Every great outdoor living space starts with a good plan and a solid foundation—which is what our decking series is all about. In this series, we sit down with our good friend Kevin Kunka of Trex Company to cover some of the ins and outs of executing a successful decking project. Trex is the world’s largest manufacturer of wood-alternative decking products and a veteran in the outdoor living industry. Over the years, the Trex name has become synonymous with quality manufactured decking.
Stairs can often become an afterthought in the deck-planning process—but whether they’re a focal point of the overall design or not, deck stairs require thoughtful planning to ensure they’re strong, safe, and up to code.
In today’s episode, Kevin shares his best practices for installing stair stringers, treads, and code-compliant handrails with manufactured decking. Watch our discussion in the video above or read the highlights below.
Spacing stair stringers
Deck joists are typically spaced at 16” on-center, but that doesn’t always carry over to stair stringers—that’s because building codes typically require stairs to support twice as much load (in pounds per square foot) than the deck surface.
With manufactured decking products, you often need to install additional stringers off of the deck’s rim joist; for example, Trex’s Transcend line requires stringers every 12 inches, while their Select line requires stringers every nine inches. Always refer to your product’s installation manual to find specific stringer requirements.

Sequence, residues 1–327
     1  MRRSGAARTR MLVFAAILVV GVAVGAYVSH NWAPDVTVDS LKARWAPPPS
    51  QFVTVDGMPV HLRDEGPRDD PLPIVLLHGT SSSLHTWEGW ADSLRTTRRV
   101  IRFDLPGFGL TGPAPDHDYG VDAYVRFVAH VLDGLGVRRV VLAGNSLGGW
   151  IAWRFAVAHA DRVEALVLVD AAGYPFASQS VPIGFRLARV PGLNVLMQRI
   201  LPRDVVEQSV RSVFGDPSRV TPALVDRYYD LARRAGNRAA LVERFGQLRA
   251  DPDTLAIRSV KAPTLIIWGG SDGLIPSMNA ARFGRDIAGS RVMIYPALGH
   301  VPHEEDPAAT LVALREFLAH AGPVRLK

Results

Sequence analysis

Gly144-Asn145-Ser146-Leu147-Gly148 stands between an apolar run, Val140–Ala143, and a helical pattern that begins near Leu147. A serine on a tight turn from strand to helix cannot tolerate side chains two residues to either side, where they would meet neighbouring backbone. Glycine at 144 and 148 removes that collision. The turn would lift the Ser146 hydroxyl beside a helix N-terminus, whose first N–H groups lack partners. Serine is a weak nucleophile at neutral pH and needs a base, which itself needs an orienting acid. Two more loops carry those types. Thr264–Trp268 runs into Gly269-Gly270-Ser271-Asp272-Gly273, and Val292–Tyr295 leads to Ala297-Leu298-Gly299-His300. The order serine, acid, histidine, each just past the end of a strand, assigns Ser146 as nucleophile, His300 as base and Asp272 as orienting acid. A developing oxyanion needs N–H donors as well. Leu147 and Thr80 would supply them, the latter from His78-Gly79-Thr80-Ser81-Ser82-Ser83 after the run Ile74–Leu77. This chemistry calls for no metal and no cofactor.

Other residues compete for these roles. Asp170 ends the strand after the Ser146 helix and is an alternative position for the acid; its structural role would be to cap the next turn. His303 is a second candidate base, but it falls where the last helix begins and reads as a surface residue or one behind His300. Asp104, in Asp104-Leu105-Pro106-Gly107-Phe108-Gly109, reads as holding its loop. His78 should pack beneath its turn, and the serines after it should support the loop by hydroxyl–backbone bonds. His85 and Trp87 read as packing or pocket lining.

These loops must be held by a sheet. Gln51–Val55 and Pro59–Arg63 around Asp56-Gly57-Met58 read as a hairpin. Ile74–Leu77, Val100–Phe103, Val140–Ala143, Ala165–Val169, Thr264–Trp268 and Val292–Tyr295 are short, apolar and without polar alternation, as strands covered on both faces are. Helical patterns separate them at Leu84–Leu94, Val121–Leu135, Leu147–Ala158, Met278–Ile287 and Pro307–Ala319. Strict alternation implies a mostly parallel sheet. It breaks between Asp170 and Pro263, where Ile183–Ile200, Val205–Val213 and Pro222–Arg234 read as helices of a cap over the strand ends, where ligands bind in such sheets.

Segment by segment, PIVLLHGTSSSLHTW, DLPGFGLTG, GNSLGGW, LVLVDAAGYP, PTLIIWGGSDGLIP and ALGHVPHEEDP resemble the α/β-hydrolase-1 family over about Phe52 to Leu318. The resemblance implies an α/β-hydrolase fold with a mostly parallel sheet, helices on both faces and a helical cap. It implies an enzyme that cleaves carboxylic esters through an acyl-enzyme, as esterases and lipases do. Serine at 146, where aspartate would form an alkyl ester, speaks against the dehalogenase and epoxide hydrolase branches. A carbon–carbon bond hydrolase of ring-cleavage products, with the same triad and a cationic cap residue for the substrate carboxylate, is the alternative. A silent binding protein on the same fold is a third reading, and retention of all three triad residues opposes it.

Fastening stair treads
Stairs are subject to much more wear and tear than the rest of a deck. When it comes to choosing a fastening system for stair treads, Kevin recommends going with whatever type of fastener will give you the tightest connection—in other words, hidden fasteners may not be the strongest choice. Instead, color-matched screws that fasten through the surface and joists are a great option, as are screw-and-plug systems.
Securing bottom railing posts
Deck stair posts are notorious for growing wobbly. To avoid this—and to avoid getting dinged during inspection—install railing posts that can withstand a large lateral force. There are several techniques out there for installing rock-solid bottom stair posts that will withstand both weight and moisture.
Installing ADA-compliant handrails
While different municipalities have different handrail requirements, it’s becoming more and more common that code requires handrails to be ADA compliant (meaning the handrail is continuously graspable). Not all railing systems meet ADA requirements, so Kevin recommends opting for an ADA-approved system, whether or not your project requires it.
For more tips for building safe and secure decks, check out our guide to installing code-compliant guardrail post connections and these pro tips for installing safe and code-compliant connection points.